Posted June 24, 2015 by Gavin Hoey in Articles

How Focal Length Affects Your Background

There are many reasons for choosing one lens over another and which one you shoot with can have a massive impact on the final photo. Like many photographers I love the flexibility of zoom lenses and often have to make the choice of shooting with a wide angle and short telephoto lens. At first glance the choice of lens is pretty obvious… if I want to go close I shoot with a telephoto focal length and if I want to see more I zoom out with a wide angle focal length.

Look around on the internet or ask your photography peers and you’ll find that the general consensus is that wide angle lenses increase perspective distortion and telephoto lenses compress background. It’s common knowledge but sadly, it’s also not true… although I completely understand why so many photographer think it is.

In the video above I explain and show how changing focal length alone doesn’t affect compression or distortion but moving your feet does

Google focal length compression and you’ll see photos like the one below and as you can clearly see the more I zoom in the more the background appears to grow in relation to the model. We call it background compression and it’s a really handy trick to learn.

But in order to keep my model (The amazing model Fern Meave ) the same size I had to increase my shooting distance as I zoomed in and it’s that increase in distance that causes the background to compress. Let me say that again…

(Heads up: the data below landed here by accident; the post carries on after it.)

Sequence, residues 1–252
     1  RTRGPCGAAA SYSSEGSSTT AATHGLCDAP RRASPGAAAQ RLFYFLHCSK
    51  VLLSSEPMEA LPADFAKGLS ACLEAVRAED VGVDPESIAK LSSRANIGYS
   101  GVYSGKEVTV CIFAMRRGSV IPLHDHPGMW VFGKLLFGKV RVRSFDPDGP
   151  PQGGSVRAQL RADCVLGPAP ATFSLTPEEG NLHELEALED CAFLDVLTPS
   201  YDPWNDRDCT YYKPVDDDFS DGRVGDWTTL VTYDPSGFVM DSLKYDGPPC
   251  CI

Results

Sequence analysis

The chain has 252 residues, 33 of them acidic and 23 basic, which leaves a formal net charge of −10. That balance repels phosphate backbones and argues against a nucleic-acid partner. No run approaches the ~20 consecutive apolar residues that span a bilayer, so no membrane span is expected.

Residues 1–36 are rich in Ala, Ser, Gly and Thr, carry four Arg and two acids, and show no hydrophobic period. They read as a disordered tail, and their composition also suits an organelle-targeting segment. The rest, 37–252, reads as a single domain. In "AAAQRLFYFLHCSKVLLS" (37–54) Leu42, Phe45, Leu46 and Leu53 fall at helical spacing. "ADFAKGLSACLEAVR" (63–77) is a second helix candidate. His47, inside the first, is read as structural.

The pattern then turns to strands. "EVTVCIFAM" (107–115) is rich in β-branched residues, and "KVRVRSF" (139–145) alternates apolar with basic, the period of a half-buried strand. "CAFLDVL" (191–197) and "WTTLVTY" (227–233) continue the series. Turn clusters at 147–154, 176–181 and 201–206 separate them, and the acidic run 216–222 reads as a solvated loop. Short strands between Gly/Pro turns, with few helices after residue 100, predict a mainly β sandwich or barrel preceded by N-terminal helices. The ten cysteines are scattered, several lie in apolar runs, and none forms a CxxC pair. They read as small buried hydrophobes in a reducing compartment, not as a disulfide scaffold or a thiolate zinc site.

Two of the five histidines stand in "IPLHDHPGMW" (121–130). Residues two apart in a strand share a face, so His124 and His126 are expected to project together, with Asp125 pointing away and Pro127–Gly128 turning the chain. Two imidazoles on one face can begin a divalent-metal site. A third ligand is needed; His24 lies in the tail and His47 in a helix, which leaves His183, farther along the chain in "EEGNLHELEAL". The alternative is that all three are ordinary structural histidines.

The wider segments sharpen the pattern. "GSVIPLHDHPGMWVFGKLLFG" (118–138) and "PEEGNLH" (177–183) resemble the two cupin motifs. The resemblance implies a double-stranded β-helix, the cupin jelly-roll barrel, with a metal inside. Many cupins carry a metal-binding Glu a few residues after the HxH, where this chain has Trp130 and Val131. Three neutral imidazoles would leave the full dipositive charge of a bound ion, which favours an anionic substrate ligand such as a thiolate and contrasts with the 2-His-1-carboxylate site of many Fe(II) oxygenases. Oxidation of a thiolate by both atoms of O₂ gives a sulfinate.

Increasing your focal length does NOT compress your shot, increasing your distance from the subject does. Unless you want your subject to be small, once backed up you have to zoom in to maintain the composition and that’s why so many photographers will tell you telephone lenses compress your shot.

To prove the point. Take a look at the photos below. For the one on the right I used a 200mm lens, the one on the left is a from a shot taken with my 24mm lens and the middle image is a tight crop from the centre.


The distance from myself and the model was the same in each shot, only the focal length changed. Spot the difference?  Ignore the the depth of field difference between the two shots, that’s a side effect of the different focal lengths and I’ll save that for a future blog post. There really is no difference in compression and perspective distortion when you change lens focal length.

So if background compression isn’t caused simply by zooming in, do wide angle lenses increase perspective distortion? No they don’t (excluding exotic lenses such as fisheye’s). With a wide angle lens you often go close to fill the frame and that increases the distortion. In theory you could take a wide angle shot using a 200mm lens, you’d just need to take lots and lots of images and join them together like a jigsaw puzzle. Search Google for Gigapans to see this in action.

Still not convinced? Here’s a simple test to try, no camera required… next time you’re in front of the bathroom mirror, get your head really, REALLY close. Close one eye and look around at your refection. Your nose will look huge, your ears will look small and all because you’re close to the mirror. Step back and your face will appear as normal as it was before.

Gavin Hoey